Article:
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Paul supporters energized, promise organization
IOWA CITY — Because of his leadership position with the College Republicans, University of Iowa senior John Twillman won’t be endorsing a candidate. What he can say, as someone who has attended nearly every 2012 GOP event on campus, is U.S. Rep. Ron Paul has far exceeded the excitement generated by other candidates who have made appearances.
“As chairman of the College Republicans, I come out and support all of the candidates who are on or near campus. So, I came here tonight to both hear what Ron Paul had to say and support him,” Twillman said following Paul’s Friday night appearance at the Iowa Memorial Union when roughly 1,000 people set aside their homecoming festivities in order to hear what the Texas congressman had to say.
“There are many more young people at Ron Paul events all the time than there are at any other candidates’ events because he speaks to the young people.”
Although the same could be said about Paul’s support in 2008, which did not lead to caucus night victory, Twillmann added that he is seeing such energy translating into organization.
“I know they are going to be caucusing [in 2012]. I know this because we have several Paul supporters who are showing up at our meetings each week and many of them are interested not only in caucusing themselves, but in getting others to caucus, running polling places and getting literature out. So, I’m very confident that they will caucus on January 3,” he said.
“I think the Paul supporters — at least those I’ve seen — are much more passionate. They definitely have seen what almost four years of Barack Obama has done, and I think they will be more involved. I think they can see the real-life impacts of the policies that the President makes … So, I really think that college kids and young people in general will continue to support Ron Paul even more so than last time. I think they are already organized and I think they will get even more so and really turn out people for the caucus.”
Bill Boll, of Manchester, and Roger Kistler, of Olin, aren’t college students, but they agree that Paul supporters like themselves are serious about getting an Iowa boost.
“We love Ron Paul,” Boll said. “We support him and we are working in our own counties for him. We want to see that man as president.”
Of those that turned out to see and hear Paul, roughly 75 percent were under the age of 25. But Kistler said the make-up of the audience just added to the experience.
“When you are a part of a crowd like this, it just makes you feel 10 years younger,” he said and laughed.
Boll, who described himself as a small businessman, said Paul’s message of individual liberty and personal freedom is something that resonates not only with college students but with Republicans of all ages.
“I do believe that we have lost a lot of freedom,” he said. “The tax burden is tremendous, the regulatory burden is becoming worse and Ron Paul is the only one of the candidates that ever spoke to me — I don’t mean personally — but spoke to my heart. No [Internal Revenue Service]. No regulation. He wants me to be able to run my business without government interference.”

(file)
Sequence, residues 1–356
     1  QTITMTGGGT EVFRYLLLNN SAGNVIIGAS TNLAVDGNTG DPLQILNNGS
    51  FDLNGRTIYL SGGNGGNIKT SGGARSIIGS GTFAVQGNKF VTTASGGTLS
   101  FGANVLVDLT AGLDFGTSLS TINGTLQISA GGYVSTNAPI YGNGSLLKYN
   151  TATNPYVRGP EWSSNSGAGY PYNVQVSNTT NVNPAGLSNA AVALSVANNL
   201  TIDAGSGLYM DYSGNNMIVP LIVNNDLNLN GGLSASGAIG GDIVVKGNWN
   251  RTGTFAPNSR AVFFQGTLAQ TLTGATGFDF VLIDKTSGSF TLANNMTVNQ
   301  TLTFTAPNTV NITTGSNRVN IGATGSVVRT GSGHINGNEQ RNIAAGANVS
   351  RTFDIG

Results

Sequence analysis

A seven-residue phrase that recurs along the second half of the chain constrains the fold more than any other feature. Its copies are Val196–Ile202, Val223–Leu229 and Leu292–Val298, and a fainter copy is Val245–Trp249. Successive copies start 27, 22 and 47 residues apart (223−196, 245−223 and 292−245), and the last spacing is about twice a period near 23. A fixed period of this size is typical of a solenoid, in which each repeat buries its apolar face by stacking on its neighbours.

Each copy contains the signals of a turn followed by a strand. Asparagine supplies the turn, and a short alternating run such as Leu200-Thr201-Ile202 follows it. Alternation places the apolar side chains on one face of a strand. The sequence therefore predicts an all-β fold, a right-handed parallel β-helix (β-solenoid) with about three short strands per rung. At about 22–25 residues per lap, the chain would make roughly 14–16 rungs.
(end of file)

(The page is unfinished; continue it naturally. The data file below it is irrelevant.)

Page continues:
America has, Boll said, 5 percent of the world’s population, but 25 percent of the prison population.
“Not that I advocate doing drugs, but the war on drugs is making this like a criminal country,” he said. “These are good people that shouldn’t be in jail for the rest of their lives. It makes me sick. These are the things I hear Ron Paul addressing; issues of personal freedom.”
Kistler, also a small businessman, likes Paul’s message of returning to the principles of the U.S. Constitution.
“For 70 years we’ve been fighting wars without a declaration of war and that’s contrary to what the Constitution says,” he said. “The Congress is supposed to provide all the legislation, but we’ve got over 13,500 executive orders that have been issued by various presidents. That’s not what the Constitution said. It said that we should have only gold and silver as a currency, and if I show a $5 gold piece to people they wonder what it is.
“I think the thing that has most recently really made this extremely important is the fact that the current President targeted an American citizen for assassination. That’s contrary to the Fifth Amendment. That’s contrary to Article Three, Section 2, and completely ignored the concept of handling this type of situation in the Constitution. So what we are doing right now is just so far from what the Constitution has to say that we don’t really have, right now, what could be called a Constitutional government. I think we need to return to that and I believe [Paul] is the man who can do it.”
The difference from 2008, according to Boll, is that Paul has both paid and volunteer staff in each of Iowa’s 99 counties. Boll added that the Internet has been especially helpful in spreading Paul’s message without any media filter.
“When I first began hearing about Ron Paul, I was hearing what the media was telling me about him and I thought, ‘Whoa,’ and believed he was really out there,” Boll said.
“I thought, ‘Oh, he just wants everyone to smoke dope.’ Really, from listening to the media, that’s what I thought. But when I began listening to him and not what the media was saying about him, I understood that this was a freedom issue and not really about marijuana at all. I understood exactly what he was saying and, at this point, I couldn’t vote for anyone else. He’s the man.”